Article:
The importance of spacecraft missions in the quest to understand asteroids is highlighted in a recent review paper by RIS4E Co-I Thomas Burbine (Mount Holyoke College, Massachusettes).

Reference: Burbine, T. H. (2016) Advances in Determining Asteroid Chemistries and Mineralogies, Chemie der Erde, v. 76, p. 181-195, doi: 10.1016/j.chemer.2015.09.003.

In the paper, Burbine discusses achievements in understanding the chemistries and mineralogies of asteroids since the launch of NASA’s NEAR-Shoemaker robotic spacecraft in 1996, the first mission dedicated to asteroid exploration. As two new robotic asteroid-sample-return missions are underway (NASA’s OSIRIS-REx and JAXA’s Hayabusa2), Burbine’s review paper and a review by FINESSE Co-I Derek Sears earlier this year (see the January 2016 PSRD CosmoSparks: Comprehending Asteroids) provide timely recaps of why asteroids are so important to our understanding of the building blocks of our Solar System.

Simulated cratering and topography are overlaid on radar imagery of asteroid 1999 RQ36. Credit: NASA/GSFC/UA/Mike Nolan-Arecibo Observatory/Bob Gaskell-Planetary Science Institute.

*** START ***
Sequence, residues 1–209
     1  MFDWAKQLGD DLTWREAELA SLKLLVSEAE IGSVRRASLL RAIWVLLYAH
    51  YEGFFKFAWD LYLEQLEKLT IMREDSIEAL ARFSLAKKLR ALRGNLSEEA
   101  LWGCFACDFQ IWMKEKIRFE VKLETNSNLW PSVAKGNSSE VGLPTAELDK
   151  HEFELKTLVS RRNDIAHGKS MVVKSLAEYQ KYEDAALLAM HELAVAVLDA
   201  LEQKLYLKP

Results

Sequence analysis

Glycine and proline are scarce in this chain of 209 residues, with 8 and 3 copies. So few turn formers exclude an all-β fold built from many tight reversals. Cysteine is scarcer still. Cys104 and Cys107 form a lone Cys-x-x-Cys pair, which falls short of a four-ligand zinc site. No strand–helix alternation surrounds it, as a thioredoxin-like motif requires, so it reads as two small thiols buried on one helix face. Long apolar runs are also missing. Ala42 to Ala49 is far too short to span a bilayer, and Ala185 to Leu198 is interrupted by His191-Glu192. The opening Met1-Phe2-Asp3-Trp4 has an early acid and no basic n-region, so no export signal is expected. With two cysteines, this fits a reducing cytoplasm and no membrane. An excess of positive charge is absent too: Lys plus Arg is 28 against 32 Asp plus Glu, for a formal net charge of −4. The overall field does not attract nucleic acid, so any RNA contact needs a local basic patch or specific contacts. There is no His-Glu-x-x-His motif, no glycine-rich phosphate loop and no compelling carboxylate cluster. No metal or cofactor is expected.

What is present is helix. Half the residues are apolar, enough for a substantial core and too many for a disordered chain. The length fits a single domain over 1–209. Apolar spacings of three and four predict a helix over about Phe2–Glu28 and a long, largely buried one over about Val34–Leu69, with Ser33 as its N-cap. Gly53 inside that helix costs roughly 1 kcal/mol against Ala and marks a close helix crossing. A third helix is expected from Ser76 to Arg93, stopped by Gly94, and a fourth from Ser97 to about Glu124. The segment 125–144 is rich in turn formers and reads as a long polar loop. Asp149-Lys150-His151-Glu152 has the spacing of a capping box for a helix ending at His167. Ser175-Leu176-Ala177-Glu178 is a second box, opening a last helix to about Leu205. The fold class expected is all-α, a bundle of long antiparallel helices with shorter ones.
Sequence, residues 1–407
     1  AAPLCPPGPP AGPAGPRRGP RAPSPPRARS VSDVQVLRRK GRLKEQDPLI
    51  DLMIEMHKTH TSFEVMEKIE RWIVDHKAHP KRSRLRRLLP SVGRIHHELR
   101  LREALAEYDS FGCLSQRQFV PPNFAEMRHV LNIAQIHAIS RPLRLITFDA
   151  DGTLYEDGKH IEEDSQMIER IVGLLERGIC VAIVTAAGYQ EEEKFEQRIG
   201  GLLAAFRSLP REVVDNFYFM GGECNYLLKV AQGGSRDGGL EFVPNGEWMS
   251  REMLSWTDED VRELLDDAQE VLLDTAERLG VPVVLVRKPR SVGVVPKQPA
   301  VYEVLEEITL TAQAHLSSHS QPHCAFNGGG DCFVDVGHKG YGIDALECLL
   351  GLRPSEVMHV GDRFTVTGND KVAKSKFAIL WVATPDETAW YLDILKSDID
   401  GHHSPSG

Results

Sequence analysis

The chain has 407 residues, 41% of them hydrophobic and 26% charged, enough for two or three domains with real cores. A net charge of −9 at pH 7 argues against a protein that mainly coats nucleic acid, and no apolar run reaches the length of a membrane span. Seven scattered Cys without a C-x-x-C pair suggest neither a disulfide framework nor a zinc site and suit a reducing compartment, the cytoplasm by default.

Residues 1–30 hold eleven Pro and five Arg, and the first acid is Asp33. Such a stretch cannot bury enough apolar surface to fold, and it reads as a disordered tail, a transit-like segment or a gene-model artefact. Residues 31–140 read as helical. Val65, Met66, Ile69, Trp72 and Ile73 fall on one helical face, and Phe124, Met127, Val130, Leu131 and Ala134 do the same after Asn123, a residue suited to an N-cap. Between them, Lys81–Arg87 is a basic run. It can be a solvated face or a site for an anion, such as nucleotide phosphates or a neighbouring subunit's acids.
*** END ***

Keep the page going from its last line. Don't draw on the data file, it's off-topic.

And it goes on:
Burbine reviews comprehensive mission highlights from NEAR-Shoemaker, Hayabusa, Dawn, Hayabusa2, and OSIRIS-REx. Interrogating asteroids from spacecraft flybys and orbits, returning samples from asteroid Itokawa, and the anticipated return of samples from two more asteroids all build on the achievements of Earth-based and Earth-orbiting telescopic spectroscopy and meteorite sample analyses. Through the stunning success of pairing remote sensing data with laboratory analyses of actual samples, meteorites and asteroid pieces collected in situ and returned to Earth, we are truly beginning to understand asteroids up close.

Read the full story at:

For more information, visit University of Arizona News

Posted by: Soderman/SSERVI Staff
Source: SSERVI Team/Linda M. V. Martel/PSRD

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